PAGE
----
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After losing his own POW dad, this restaurant owner carried on a family legacy of honoring vets

An annual dinner for prisoners of war was Nguyen Van Thoi's way of giving back. When the legacy was passed down to his son, Richard decided to honor veterans and first responders in his own way.

ARLINGTON, Va. — ARLINGTON, VA – When you enter Nam Viet, a Vietnamese restaurant on the outskirts of Arlington, the smell of traditional Vietnamese spices, handmade noodles and made-to-order spring rolls engulfs you.

This enticing fragrance will make anyone’s mouth water, but to one group of men, it has served as a life-long comfort.

Since 1986, these men have traveled near and far to share a very special annual dinner together. Among their ranks have been the late Senator John McCain and his friend and past prison cell mate, former Federal Trade Commissioner Orson Swindle. These men are bonded by a traumatic and unique experience: being prisoners of war during the Vietnam War.

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The choice of a Vietnamese restaurant for veterans who were involuntarily captured and held in the country may seem odd, but it all made sense when the restaurant’s owner, Nguyen Van Thoi, rounded the corner with steaming pho, Vietnamese noodle soup, in hand.

Nguyen Van Thoi founded Nam Viet and was also involved in the war. He served as a translator for American forces before being imprisoned within his own country of Vietnam. In 1979, he escaped as a refugee to the United States where he opened a restaurant.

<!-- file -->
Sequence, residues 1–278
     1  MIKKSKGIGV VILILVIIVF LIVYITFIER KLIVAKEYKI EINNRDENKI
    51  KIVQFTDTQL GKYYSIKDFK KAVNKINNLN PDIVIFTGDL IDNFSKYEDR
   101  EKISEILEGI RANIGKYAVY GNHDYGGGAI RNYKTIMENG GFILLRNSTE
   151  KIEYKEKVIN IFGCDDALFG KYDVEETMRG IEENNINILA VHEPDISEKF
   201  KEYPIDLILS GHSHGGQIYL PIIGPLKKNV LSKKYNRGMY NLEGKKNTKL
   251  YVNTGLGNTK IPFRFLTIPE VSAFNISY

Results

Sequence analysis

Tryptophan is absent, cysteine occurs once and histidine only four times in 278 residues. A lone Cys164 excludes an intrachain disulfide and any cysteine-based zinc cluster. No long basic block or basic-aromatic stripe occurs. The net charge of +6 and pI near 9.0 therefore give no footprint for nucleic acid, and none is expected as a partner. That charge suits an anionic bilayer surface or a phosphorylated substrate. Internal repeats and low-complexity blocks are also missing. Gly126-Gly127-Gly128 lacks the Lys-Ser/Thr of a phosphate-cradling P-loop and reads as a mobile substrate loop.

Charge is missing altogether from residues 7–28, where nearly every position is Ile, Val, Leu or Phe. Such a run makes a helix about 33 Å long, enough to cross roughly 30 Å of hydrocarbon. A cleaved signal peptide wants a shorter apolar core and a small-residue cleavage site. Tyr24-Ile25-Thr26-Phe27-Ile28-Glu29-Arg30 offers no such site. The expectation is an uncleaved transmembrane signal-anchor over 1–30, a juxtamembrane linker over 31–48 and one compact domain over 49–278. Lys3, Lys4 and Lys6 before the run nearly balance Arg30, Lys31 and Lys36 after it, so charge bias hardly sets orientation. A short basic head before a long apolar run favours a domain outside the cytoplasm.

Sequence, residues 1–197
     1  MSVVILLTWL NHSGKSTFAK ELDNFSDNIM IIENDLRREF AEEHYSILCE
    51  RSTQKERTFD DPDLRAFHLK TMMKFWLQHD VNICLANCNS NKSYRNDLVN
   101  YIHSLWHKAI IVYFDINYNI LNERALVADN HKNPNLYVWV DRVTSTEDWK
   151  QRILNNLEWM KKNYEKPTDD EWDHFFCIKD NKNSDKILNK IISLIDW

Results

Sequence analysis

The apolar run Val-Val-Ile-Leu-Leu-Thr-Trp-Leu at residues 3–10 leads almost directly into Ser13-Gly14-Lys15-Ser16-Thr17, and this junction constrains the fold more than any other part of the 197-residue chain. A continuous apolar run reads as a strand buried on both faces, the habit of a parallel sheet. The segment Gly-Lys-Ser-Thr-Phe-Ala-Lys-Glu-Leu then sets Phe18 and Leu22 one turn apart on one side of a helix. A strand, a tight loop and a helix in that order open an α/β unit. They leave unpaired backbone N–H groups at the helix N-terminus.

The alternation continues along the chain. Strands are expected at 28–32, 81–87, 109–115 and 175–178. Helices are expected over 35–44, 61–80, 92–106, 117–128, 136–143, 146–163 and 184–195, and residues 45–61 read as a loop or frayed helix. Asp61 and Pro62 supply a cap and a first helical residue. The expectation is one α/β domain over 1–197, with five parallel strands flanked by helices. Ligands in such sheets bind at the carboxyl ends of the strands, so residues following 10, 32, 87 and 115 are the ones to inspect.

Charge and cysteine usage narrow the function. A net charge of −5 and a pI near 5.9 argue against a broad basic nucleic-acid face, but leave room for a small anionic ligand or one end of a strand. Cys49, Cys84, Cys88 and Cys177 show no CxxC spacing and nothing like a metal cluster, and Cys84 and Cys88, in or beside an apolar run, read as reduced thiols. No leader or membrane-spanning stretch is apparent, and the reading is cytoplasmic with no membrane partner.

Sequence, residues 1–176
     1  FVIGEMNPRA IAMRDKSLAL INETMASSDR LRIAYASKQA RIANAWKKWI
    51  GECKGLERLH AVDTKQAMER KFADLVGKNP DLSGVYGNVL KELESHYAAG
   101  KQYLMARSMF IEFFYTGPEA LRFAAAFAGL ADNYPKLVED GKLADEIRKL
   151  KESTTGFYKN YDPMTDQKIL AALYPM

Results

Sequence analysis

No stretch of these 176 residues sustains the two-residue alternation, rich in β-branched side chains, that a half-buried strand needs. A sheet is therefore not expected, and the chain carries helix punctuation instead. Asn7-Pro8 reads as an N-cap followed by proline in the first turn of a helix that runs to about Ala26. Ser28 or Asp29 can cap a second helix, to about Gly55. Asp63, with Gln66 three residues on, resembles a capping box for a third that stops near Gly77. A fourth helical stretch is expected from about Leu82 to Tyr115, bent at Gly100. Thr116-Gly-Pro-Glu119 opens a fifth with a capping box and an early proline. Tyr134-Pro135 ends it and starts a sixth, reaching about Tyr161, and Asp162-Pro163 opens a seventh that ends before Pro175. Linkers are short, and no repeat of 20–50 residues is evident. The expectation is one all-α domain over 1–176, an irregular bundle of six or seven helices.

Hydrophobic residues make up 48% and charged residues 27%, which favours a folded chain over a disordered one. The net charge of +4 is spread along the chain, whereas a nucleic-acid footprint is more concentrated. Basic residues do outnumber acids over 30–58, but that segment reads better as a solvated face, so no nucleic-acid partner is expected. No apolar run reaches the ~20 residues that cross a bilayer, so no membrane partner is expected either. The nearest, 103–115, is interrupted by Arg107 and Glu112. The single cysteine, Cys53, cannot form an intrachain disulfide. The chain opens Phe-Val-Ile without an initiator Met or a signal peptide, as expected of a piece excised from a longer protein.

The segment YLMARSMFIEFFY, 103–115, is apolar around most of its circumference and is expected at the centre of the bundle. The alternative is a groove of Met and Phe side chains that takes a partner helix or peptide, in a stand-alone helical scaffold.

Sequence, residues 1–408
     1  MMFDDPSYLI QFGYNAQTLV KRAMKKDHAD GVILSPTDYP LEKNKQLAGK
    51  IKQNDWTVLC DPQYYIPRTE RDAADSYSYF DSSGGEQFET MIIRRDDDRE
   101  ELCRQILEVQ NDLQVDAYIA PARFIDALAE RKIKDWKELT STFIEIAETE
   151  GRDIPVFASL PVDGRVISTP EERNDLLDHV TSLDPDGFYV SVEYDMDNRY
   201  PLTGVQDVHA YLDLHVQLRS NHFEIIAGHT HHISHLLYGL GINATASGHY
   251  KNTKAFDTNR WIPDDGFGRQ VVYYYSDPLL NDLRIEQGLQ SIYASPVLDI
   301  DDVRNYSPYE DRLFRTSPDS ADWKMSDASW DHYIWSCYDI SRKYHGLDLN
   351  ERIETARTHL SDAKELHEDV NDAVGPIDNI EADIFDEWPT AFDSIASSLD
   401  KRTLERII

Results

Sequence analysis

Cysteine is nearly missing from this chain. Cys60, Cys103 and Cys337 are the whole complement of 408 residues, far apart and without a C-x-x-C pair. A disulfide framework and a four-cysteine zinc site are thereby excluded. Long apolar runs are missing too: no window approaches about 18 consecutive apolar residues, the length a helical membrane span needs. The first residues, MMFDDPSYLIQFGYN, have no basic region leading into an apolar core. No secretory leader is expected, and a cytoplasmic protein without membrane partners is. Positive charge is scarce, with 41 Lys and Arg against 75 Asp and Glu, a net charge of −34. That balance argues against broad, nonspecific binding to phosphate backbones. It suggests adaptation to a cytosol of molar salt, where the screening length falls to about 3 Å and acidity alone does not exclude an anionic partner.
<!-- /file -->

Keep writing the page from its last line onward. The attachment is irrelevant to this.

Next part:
Seven years later, Swindle entered Nguyen’s business to see if he could host the special dinner for former prisoners of war. When Orson and Nguyen bonded over their shared experiences, the dinner seemed fated to be hosted at Nam Viet.

“It’s therapeutic to them,” said Nguyen’s son, Richard Nguyen. “It’s humbling because you never see a group of men in their 60s and 70s reconvene and talk about times in their late teens and 20s serving, fighting wars overseas and coming back here and meeting each other.”

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But as the years ticked on and old age reared its ugly head, many dinner guests were unable to travel or passed away – including Nguyen due to congestive heart failure. The restaurant’s legacy and the annual dinner were placed in Richard’s hands.

“Being from an Asian family, if there was a tradition that had to be carried out, to us it’s always humbling to do that,” said Richard. “[But] there are some days you wake up and it’s like, ‘Man, what if the weight of the legacy crushes me?’”

With the dinner dwindling, Richard decided to find another way to carry the honor and tradition his father engrained in him – and pass these teachings to his nieces and nephews.

“You can take them to Disney, you can take them on trips, but the lessons of humility and being a nice individual to the community is going to weigh more on their lifetime,” said Richard.

Like his father, Richard wanted to honor those serving both the country and community. So, he and the youngest members of his family brought Nam Viet’s signature, mouthwatering smell outside of the restaurant by serving meals to hospital workers and first responders on Christmas Eve 2018.

Serving meals to those who serve is a Nam Viet tradition, but to Richard, it’s also a way of life.

“Being a positive individual resonates,” said Richard. “Just play your part.”

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